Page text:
Protofour parts are produced to exacting standards and should be treated with reasonable care. Wheel sets should be checked by means of the BB gauge before placing them in service, and at maintenance intervals thereafter. Whenever running difficulties occur, always check the BB setting of the wheel sets before seeking the cause elsewhere.

 
Vehicles, owing to their portable nature, are usually the first casualties from rough handling and the condition of their running gear should be checked regularly for signs of deterioration. Apart from the BB gauge check, wheel wobble may be detected by spinning the wheels in their bearings. The wheel pair may be removed from the vehicle and rolled gently on a mirror surface to detect whether the wobble is caused by a single wheel or by a bent axle. Generally, the wobble may be rectified by the modeller but a wheel pair on a bent axle will have to be replaced.

 

Lubrication

 
Protofour wheels are intended to run 'dry' in the bearings. Oil applied to bearings will eventually reach the track, and so interfere with the passage of current from rail to wheels. If desired, a soft pencil rotated in the point of the cone will be found to give bearings a dry lubricant effect.

 

Fitting of Wheels

 
The fitting of wheels to axles, and wheel pairs on axle to vehicles, should be carried out using a standard technique. Always apply fitting forces to the wheel boss, never to the wheel rim. Always hold wheel pairs by the axle, never by the rim. This avoids the accidental application of excessive force to the wheel rim and prevents distortion of, or damage to, the wheel centre. C & W wheels are supplied as pairs on axle, as the axle is almost invariably used with outside bearings. However, separate wheels and axles are available if desired; no responsibility can be accepted for the performance of C & W wheels which have been mounted by the modeller.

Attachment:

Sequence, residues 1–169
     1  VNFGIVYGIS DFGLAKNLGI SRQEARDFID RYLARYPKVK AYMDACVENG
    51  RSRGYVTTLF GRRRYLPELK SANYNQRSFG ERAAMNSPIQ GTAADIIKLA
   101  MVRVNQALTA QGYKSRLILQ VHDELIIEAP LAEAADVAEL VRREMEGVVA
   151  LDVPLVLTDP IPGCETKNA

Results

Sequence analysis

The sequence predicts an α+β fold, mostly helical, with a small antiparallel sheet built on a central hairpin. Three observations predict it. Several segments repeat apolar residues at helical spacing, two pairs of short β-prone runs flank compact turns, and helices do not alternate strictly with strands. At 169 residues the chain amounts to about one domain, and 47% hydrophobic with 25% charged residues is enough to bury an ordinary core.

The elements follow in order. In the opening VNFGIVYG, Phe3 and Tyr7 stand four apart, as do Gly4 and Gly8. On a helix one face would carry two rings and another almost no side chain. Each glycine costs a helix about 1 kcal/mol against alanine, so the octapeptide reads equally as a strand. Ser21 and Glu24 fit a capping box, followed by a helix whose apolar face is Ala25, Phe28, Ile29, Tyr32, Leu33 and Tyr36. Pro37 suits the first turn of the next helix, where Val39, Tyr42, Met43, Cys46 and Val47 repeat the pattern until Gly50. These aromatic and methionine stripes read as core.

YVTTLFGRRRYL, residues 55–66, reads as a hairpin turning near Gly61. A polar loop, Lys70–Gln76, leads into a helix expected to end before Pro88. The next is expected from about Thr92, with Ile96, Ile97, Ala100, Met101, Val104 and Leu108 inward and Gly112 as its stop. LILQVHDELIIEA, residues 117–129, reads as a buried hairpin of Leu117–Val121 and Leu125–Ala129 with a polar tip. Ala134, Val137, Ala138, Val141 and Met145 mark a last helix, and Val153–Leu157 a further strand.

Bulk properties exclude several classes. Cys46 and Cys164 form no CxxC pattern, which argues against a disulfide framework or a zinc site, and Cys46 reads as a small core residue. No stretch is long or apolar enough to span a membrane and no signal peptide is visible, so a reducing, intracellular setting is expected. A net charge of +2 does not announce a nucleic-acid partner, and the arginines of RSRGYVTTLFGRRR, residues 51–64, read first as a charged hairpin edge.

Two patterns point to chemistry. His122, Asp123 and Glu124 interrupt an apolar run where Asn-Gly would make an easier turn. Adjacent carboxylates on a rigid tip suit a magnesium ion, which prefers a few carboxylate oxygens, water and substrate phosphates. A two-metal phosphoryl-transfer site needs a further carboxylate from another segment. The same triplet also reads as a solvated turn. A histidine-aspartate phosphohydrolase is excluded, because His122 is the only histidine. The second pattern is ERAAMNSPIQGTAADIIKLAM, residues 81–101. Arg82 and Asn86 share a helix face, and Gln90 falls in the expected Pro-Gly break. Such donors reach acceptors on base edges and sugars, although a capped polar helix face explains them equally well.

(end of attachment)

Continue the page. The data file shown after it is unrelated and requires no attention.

B & T wheels are provided either ready-mounted or as separate units. They are made with a slightly less tight fitting on the axle and should be locked at their final settings using a locking compound such as 'Locktite'.

 
Locomotive driving wheels are of similar construction to the C & W and B & T types with the addition of a tapered metal bush incorporated in the wheel boss. This bush fits on to the end of the driving axle, which is machined with a matching taper. This enables the wheel to be press fitted to the axle until, at the correct BB setting, it is locked in place and runs true. At a position of semi-tightness, the quartering of one wheel against the other may be carried out precisely and without difficulty, and the settings preserved by pressing the wheel to BB gauge. The wheels may be removed from the axles by drifting out the axles with a centre punch, without danger of damage to, or distortion of, the centres.

 

Carriage and Wagon Wheels

 
Standard Settings

 

Axle Length - 26.0mm over points
Axle Diameter - 1.8mm

 
Protofour Mansell wheel showing pointed axle ends Axles

 
The standard C &W axle (Right) is made from hardened and polished steel, chemically treated. Standard points are provided at the ends which are designed to run in the standard coned bearings.